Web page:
No. Just because you can say a thing, does not imply the thing has an identifiable referent. Noam Chomsky famously argued this with the example sentence "colorless green ideas sleep furiously", which is grammatically correct, despite no one on Earth including himself being able to tell you how something can be simultaneously green and colorless, what it even means for an idea to be colored in the first place, or how an immaterial concept like "idea" can sleep, let alone sleep "furiously". No part of the sentence comes attached to an identifiable concept - yet, it is a syntactically valid sentence, all the same.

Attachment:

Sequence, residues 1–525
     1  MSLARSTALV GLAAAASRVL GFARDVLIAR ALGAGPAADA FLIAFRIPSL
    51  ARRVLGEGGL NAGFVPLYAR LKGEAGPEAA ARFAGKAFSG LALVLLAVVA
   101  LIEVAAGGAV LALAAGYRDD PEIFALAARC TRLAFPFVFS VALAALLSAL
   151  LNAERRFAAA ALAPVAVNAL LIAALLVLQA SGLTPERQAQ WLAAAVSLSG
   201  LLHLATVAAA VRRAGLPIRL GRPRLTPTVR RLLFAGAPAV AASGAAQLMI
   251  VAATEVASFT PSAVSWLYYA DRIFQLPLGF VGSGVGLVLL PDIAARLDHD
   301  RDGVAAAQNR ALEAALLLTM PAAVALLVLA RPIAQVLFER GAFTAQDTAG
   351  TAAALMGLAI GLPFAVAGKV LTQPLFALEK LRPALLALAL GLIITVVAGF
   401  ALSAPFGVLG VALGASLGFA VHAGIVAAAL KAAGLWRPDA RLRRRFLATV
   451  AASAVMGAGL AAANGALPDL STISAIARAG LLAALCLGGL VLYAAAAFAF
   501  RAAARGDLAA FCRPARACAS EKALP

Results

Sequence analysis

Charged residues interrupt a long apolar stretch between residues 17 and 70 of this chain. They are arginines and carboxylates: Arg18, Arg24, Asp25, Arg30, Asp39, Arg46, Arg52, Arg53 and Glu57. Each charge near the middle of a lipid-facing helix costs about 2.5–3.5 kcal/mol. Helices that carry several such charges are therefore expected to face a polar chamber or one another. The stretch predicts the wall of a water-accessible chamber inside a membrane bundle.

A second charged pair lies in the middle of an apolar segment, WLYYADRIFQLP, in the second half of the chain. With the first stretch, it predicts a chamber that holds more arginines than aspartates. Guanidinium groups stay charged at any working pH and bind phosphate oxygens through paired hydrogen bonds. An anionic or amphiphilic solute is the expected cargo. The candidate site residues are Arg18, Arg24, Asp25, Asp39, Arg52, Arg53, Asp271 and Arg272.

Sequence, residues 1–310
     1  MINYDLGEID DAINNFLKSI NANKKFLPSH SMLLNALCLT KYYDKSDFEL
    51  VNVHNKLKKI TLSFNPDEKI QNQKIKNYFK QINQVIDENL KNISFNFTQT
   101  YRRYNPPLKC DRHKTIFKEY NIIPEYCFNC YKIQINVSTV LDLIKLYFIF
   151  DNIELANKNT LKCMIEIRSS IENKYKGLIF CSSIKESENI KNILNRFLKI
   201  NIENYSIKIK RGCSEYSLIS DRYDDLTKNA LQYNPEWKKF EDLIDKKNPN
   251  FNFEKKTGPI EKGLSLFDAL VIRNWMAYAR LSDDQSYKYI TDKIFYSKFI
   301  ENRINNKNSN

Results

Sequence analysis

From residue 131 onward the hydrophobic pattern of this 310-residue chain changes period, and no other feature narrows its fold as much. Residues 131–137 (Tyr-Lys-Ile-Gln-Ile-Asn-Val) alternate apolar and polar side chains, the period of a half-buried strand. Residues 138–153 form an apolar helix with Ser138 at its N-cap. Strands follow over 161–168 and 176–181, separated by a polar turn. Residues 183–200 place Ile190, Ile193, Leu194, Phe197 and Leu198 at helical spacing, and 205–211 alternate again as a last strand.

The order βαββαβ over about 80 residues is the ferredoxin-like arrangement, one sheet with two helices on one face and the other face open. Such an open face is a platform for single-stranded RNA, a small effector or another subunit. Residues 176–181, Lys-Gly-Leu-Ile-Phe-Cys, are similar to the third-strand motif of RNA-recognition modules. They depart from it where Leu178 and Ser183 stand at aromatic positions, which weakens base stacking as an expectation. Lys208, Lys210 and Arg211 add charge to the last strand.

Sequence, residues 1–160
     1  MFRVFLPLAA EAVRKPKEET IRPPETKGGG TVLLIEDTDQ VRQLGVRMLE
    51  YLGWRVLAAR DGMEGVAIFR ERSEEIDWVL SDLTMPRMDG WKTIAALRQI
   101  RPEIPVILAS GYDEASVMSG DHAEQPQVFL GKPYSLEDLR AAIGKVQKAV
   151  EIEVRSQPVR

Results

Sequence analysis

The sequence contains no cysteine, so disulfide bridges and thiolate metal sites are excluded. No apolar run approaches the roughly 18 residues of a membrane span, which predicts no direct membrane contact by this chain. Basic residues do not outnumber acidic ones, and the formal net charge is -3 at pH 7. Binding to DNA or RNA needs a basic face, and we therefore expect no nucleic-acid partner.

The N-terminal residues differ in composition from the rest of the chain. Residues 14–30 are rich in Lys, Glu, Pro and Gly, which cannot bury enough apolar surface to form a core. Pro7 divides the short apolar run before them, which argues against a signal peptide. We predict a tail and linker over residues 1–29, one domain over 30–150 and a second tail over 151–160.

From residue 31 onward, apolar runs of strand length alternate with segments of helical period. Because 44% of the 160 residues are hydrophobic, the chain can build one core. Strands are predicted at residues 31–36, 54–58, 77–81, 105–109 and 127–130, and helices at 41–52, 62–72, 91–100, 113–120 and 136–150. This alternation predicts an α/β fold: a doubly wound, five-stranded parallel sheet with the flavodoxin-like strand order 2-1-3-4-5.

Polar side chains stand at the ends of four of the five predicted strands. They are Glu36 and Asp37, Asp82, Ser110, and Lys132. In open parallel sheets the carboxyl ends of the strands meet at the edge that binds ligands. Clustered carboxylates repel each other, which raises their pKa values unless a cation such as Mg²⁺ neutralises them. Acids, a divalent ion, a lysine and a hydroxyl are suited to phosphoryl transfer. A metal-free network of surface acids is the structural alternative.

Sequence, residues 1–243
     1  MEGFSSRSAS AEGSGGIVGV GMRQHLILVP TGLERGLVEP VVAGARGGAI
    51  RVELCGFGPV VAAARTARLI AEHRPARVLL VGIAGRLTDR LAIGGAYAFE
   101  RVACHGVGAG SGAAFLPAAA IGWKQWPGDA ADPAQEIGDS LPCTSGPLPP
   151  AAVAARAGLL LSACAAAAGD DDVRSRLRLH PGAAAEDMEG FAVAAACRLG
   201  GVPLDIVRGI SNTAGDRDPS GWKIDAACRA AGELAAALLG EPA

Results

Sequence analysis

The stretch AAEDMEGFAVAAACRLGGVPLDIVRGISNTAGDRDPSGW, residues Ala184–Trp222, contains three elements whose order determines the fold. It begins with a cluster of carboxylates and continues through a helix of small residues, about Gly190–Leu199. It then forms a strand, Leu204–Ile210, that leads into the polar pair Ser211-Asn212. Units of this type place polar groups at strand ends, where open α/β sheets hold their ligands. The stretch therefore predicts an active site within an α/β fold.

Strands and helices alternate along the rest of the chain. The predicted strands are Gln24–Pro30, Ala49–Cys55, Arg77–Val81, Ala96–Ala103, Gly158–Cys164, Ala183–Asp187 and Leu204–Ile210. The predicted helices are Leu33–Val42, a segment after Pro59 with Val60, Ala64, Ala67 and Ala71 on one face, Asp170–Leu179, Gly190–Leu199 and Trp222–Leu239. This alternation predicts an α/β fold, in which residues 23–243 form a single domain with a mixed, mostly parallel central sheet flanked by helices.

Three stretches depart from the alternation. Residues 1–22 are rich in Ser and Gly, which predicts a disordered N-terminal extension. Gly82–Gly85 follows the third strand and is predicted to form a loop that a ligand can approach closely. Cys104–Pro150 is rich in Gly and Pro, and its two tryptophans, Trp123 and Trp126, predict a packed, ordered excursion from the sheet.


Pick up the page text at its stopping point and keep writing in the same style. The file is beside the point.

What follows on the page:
The existence of the phrase "I love a round square" does not prove that round squares are a thing, only that that phrase itself does not violate the syntactic constraints of English.